I don’t have to tell anyone that we live in perilous times. In America, we’re told that in any number of ways daily. Still, in a country that has spent much of 2020 in fear of national and global catastrophe, we would appear to be in a period of “reopening” as of this writing. Theaters are beginning to allow the public back in, and Unhinged is now here as one of the first high-profile releases. As we exist in worries of illness and civil unrest, Unhinged hits us with fears that exist in a much more mundane sense: what happens when we incite the rage of a person at the worst point of their life and become the focal point of all their ability to hurt and harm? That’s a disturbing question posed by this cautionary tale (prepped nicely by an effective opening credits), and without a doubt, Unhinged is a disturbing tale. Yet, does it tell that tale as well as it could?
In the film, we follow Rachel (Caren Pistorius), a single mother raising her son while dealing with her on-going divorce. On a routine day of trying to balance her son’s school drop-off and getting to work on time, Rachel’s impatience with a driver ahead of her proves to be a much bigger problem. Further down the road at another intersection, that driver, Tom Cooper (Russell Crowe), wants an apology, which Rachel is unwilling to give. The problem becomes a full-fledged pursuit, highlighting how vulnerable we can be today to a person who looks to harm to us and those around us. The commonality of commutes and the vulnerability of our identity online connects most of us to the premise, so you could say that this film has a compelling premise from the get-go. While that premise is perfectly mundane, Tom’s obsessive fixation and imposing size and strength fits him squarely within the horror genre, as much as this film is a thriller. In my view, the danger he exhibits is even more terrifying than some ghoul or goblin.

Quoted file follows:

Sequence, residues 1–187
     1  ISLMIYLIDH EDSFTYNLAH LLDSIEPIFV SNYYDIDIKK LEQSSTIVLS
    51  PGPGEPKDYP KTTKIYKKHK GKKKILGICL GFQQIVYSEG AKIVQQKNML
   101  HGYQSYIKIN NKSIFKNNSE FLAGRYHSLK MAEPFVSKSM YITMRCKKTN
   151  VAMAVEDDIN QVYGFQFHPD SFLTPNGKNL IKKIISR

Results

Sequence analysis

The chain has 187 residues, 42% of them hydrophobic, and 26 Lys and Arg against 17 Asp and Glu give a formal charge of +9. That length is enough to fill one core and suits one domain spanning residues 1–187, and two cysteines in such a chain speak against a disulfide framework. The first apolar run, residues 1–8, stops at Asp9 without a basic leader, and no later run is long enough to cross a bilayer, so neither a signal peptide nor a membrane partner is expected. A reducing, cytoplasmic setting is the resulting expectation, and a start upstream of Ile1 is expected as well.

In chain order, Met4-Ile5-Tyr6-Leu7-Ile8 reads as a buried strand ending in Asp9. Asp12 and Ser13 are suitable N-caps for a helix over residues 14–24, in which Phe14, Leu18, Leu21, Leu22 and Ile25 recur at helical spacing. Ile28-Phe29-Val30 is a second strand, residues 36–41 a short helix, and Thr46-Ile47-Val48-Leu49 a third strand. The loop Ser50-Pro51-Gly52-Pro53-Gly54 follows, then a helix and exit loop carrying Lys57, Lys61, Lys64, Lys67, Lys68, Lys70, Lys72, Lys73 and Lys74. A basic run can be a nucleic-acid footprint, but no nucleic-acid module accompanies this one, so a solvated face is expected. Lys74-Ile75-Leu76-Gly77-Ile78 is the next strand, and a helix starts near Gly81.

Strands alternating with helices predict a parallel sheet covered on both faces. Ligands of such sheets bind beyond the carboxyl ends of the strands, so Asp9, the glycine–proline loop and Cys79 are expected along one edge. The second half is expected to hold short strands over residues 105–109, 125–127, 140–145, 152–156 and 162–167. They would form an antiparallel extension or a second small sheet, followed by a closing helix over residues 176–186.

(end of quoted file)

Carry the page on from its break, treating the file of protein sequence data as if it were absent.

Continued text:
The cat-and-mouse game that ensues between the two leads is what this film is all about, and as a result, a film of this type lives and dies based on the protagonist and antagonist. Pistorius, largely unknown to me prior, leads adequately, but I could never fully connect with her. While I can’t defend the actions and motivations of Crowe’s character, Tom, Rachel’s words and choices open her life up to the pain that Tom pours out. Part of that is the writing, but Pistorius never became a fully likable lead. Crowe, on the other hand, is why we come to see this. After a career of lead roles that have often featured him as a man on a mission in varying degrees of obsession (Gladiator, A Beautiful Mind, Les Miserables, etc.), this role takes the cake. I’m not saying this is his prime example of acting, but Crowe has a skillset that makes him made for this. He can be dangerous, mysterious, and consumed by purpose (as shown by the aforementioned film), but this film allows him to run with it in all these ways in a heightened way. That said, while he commands the screen anytime he’s on it, I did not see him disappear into this role like he does with others. I found myself throughout thinking, “Why is Russell Crowe so mad?”